From the enormous floral displays near the Mao statue on the impeccably socialist Tianfu Square through to the backpacks, hats, cuddly toys and T-shirts in the shops, there’s no way of escaping pandas in Chengdu, China’s giant panda capital. The stores even sell panda brand cigarettes!
The last few remaining pockets of giant pandas in the wild still exist in the mountains near Chengdu, and most people visit Chengdu for the Panda Base, which is almost single-handedly responsible for keeping this bizarre and endangered species in existence.
But China’s fourth-largest city has plenty more to offer families than the chance to cuddle a baby panda. And, while all Chinese cities can feel vast, bewildering and polluted to the first-time visitor, Chengdu is a remarkably accessible place that’s long on open spaces and short on grifters.
Here are seven things to do with kids in Chengdu, and a couple in the surrounding area.
1. See the pandas
At certain times of year, when the baby pandas nestle in their cribs like so many mobile soft toys, the Chengdu Research Base of Giant Panda Breeding delivers an absolute overdose of cute as the world’s largest population of giant pandas go about their business amid the landscaped grounds (and, yes, there are red pandas, too).
Yet there’s plenty to learn here. The panda hospital provides gruesomely detailed insights into the various maladies afflicting pandas today, from parasites to toothache, complete with a panda operating theater and interactive touchscreen exhibits.
The museum spans panda lore from their early alleged use in warfare through to their peculiar position on the evolutionary tree – and there’s even a panda bakery!
Little ones in need of a wander will love the pond, packed with hungry koi carp that literally climb over one another when food is scattered on the waters, and patrolled by serene black swans.
Read more about giant panda encounters in China
2. Go to a theme park
Hardly known outside of China, the Happy Valley theme park chain is the nation’s answer to Disneyland.
And, as befits a city larger than any in the US or Europe, Chengdu’s has plenty to offer: several full-size roller-coasters and terrifying inverted rides for teens, merry-go-rounds, carousels, ride-on toys, ferris wheels and free play areas for littlies, and a haunted house with live actors.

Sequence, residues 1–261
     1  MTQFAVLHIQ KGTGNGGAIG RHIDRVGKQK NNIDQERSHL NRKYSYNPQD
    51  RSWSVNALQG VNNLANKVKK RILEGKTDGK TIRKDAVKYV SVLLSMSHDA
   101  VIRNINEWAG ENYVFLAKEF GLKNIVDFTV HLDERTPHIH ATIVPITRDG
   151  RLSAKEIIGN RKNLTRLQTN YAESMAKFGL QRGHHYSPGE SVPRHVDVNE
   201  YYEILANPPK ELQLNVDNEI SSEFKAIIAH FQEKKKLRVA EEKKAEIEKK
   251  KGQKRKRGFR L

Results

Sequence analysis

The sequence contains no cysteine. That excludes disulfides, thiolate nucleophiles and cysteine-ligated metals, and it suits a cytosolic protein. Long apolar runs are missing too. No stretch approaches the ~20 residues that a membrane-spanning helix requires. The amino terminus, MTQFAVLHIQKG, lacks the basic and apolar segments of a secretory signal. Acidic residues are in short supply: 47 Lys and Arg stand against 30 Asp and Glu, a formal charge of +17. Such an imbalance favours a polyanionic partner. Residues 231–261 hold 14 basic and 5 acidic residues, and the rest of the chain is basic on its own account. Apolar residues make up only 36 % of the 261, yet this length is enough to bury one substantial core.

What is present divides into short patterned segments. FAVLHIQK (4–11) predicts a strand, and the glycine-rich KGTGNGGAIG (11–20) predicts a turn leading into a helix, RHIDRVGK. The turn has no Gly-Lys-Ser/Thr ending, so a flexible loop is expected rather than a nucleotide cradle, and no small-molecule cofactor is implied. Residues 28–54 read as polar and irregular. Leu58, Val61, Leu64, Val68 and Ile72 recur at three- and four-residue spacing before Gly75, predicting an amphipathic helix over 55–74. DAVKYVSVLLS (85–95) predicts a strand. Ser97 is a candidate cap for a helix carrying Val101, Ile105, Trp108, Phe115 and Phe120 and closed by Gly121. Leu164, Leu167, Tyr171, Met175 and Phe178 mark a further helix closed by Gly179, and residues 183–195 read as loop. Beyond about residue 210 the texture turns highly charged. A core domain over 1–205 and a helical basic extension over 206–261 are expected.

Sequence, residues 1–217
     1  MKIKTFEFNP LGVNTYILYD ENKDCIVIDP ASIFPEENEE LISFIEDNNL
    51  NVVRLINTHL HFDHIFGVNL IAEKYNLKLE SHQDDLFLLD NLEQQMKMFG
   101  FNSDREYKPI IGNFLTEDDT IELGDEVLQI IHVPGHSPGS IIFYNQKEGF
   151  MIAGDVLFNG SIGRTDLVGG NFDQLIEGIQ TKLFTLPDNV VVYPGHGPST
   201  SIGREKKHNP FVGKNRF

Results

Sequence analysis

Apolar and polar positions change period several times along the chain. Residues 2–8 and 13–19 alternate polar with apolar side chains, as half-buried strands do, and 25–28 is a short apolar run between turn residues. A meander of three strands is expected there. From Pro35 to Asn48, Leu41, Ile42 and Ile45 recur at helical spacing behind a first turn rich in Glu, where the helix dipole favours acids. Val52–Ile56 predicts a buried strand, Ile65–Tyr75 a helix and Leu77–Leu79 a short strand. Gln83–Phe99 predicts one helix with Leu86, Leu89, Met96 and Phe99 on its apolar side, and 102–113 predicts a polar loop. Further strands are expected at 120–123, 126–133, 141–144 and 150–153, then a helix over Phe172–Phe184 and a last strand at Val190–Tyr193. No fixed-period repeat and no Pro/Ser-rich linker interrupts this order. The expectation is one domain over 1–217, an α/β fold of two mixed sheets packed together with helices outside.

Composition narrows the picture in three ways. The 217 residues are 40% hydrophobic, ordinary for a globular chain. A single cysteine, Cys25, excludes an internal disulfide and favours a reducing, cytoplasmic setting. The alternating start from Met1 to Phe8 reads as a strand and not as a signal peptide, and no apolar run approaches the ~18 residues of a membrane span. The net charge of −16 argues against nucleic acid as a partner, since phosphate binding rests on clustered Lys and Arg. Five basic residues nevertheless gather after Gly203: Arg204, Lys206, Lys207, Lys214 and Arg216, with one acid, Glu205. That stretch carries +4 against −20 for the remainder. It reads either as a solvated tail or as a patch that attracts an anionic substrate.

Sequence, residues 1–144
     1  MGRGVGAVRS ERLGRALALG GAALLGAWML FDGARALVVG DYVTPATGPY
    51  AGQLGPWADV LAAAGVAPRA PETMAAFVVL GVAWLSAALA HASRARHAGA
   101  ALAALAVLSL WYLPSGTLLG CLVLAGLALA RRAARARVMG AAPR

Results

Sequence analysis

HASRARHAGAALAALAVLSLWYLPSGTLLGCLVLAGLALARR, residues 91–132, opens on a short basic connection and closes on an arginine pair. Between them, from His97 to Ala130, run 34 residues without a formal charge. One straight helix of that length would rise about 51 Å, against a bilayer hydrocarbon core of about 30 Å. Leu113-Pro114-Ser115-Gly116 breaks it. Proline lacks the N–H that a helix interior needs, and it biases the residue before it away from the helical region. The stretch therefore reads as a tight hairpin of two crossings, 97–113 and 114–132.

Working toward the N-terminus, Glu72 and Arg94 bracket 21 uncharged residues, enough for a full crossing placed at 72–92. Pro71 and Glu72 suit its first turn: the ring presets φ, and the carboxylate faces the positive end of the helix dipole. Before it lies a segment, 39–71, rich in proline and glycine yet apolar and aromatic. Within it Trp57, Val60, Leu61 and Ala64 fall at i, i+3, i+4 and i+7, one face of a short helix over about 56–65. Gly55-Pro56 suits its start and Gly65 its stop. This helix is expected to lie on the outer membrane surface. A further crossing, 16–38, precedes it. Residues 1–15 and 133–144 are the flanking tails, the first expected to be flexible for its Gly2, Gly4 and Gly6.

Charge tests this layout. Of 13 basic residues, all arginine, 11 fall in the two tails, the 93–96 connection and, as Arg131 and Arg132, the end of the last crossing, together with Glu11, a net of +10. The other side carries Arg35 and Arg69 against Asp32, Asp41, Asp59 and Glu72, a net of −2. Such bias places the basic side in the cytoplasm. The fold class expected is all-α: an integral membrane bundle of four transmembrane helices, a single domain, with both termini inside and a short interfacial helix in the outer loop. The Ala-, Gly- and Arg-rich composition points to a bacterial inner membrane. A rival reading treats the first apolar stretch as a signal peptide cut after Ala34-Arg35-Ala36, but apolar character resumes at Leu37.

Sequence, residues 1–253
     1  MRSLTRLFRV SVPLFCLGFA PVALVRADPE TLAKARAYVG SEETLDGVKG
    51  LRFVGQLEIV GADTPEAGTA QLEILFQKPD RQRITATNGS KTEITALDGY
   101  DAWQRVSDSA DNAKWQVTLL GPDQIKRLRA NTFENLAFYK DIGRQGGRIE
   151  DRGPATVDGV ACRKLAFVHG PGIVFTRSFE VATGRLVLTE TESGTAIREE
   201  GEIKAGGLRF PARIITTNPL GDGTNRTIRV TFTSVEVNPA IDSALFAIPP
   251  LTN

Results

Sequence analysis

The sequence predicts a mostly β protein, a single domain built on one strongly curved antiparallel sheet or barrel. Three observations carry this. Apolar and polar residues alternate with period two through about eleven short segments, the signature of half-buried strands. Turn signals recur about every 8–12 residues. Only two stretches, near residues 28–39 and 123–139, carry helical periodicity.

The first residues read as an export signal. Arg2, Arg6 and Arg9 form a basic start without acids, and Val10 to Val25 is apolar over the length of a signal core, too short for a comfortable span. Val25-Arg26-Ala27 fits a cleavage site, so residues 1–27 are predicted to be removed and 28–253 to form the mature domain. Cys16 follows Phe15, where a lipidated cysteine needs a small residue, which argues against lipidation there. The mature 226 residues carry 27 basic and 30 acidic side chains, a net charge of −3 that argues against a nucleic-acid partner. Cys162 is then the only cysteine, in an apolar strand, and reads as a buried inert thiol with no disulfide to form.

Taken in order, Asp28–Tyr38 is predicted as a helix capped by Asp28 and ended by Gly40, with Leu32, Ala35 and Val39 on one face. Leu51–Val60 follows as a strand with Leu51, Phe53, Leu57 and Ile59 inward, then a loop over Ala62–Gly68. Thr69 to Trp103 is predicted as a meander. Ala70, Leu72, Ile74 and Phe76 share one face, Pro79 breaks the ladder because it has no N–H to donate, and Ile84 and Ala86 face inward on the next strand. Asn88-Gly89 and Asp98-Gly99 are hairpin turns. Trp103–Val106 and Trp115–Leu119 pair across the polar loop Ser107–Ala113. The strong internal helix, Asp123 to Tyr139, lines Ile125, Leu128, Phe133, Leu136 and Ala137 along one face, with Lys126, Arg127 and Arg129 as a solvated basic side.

A word of warning? Chinese safety standards, while better than those in the rest of Asia, are not remotely equivalent to those in the West: if something looks dangerous, it probably is.
3. Try an astronaut machine
The magic of the new capitalism only extends so far, and some of the exhibits in the vast Sichuan Science and Technology Museum that dominates Tianfu Square have seen better days.
Yet the ground floor features exhibits from China’s space program, among them deceptively simple machines used for training astronauts to control their bodyweight in zero gravity, and a rather more high-tech space simulator. Tickets are sold for these individually: to avoid disappointment, visit outside weekends and school holidays.
The upper levels, with interactive exhibits on sound, light, optical illusions and energy, green and otherwise, will please most children, while there’s enough physics, maths and engineering to keep teens and adults learning too.
4. Learn to cook
Chengdu is capital of Sichuan and Sichuan food is probably China’s most diverse and celebrated cuisine. While the fiery Sichuan hot pot packed with dried red chilis may be a bridge too far for some children, cooking courses make excellent fun.
Discover the tingly flavor of Sichuan pepper, which literally numbs the tongue and the lips, and the very Chinese principles of balancing color, heat and flavors, along with some of the defining dishes of Sichuan cuisine.
Younger children may enjoy a simpler session of kneading, filling and shaping dough to make the delicious dumplings known as jiaozi, then eating them with chopsticks. Older children might well appreciate a gourmet food tour.
Book a Sichuan Cooking Class
5. See archaeology in action
One challenge of exploring China with kids is the overwhelming size and scale of many historic sites. The Jinsha ruins, discovered inadvertently in 2002 during a building project, sit easily within the city limits, and are perfectly sized for small folk with short attention spans.
Budding archaeologists will love the signs marking where items, from musical instruments to statuary, were found – some have been left in situ. The civilization which built Jin Sha dates back around 3000 years, making this an impressively ancient site.
Once you’re done? The grounds have tea houses, fountains, an outdoor play area and plenty of room to run free.
6. See the biggest Buddha in the world
The Seated Buddha of Leshan, constructed in the eighth century, was the largest Buddha in the world even before the Taliban dynamited the Buddhas at Bamiyan, Afghanistan. A couple of hours from Chengdu by private car, the trip takes rather longer by bus.
Carved into the cliffs by the Leshan river and partly overgrown with moss and ferns, at 233 feet tall, the Buddha will undoubtedly impress anyone with an inner Indiana Jones, particularly when viewed from a boat.
7. Be a panda keeper
Wild panda populations are so small and so dispersed that it is nigh-on impossible to see a panda in the wild.
Still, the Bifengxia Panda Base in Ya’an, outside Chengdu, comes a close second: visitors can work as a panda keeper for a couple of days, helping feed and clean out the giant pandas that are bred there.
– Theodora Sutcliffe